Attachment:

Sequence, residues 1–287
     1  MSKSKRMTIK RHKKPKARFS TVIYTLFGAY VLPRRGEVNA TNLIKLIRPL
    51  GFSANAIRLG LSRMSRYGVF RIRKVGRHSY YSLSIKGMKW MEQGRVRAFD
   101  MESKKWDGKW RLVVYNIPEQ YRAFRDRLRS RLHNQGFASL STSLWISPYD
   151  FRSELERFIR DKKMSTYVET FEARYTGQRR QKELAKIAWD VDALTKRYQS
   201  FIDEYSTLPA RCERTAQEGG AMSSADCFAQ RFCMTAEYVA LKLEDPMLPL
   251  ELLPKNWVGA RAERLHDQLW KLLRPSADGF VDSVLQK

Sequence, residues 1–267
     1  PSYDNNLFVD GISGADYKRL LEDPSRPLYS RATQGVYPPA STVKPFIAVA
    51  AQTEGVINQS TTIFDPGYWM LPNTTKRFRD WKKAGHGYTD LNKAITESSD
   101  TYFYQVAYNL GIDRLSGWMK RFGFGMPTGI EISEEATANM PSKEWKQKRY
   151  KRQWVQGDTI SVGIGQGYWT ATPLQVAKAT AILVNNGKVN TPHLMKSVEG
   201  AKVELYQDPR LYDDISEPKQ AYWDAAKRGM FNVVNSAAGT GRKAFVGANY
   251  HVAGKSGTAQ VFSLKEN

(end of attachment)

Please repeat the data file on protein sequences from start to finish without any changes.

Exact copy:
Sequence, residues 1–287
     1  MSKSKRMTIK RHKKPKARFS TVIYTLFGAY VLPRRGEVNA TNLIKLIRPL
    51  GFSANAIRLG LSRMSRYGVF RIRKVGRHSY YSLSIKGMKW MEQGRVRAFD
   101  MESKKWDGKW RLVVYNIPEQ YRAFRDRLRS RLHNQGFASL STSLWISPYD
   151  FRSELERFIR DKKMSTYVET FEARYTGQRR QKELAKIAWD VDALTKRYQS
   201  FIDEYSTLPA RCERTAQEGG AMSSADCFAQ RFCMTAEYVA LKLEDPMLPL
   251  ELLPKNWVGA RAERLHDQLW KLLRPSADGF VDSVLQK

Sequence, residues 1–267
     1  PSYDNNLFVD GISGADYKRL LEDPSRPLYS RATQGVYPPA STVKPFIAVA
    51  AQTEGVINQS TTIFDPGYWM LPNTTKRFRD WKKAGHGYTD LNKAITESSD
   101  TYFYQVAYNL GIDRLSGWMK RFGFGMPTGI EISEEATANM PSKEWKQKRY
   151  KRQWVQGDTI SVGIGQGYWT ATPLQVAKAT AILVNNGKVN TPHLMKSVEG
   201  AKVELYQDPR LYDDISEPKQ AYWDAAKRGM FNVVNSAAGT GRKAFVGANY
   251  HVAGKSGTAQ VFSLKEN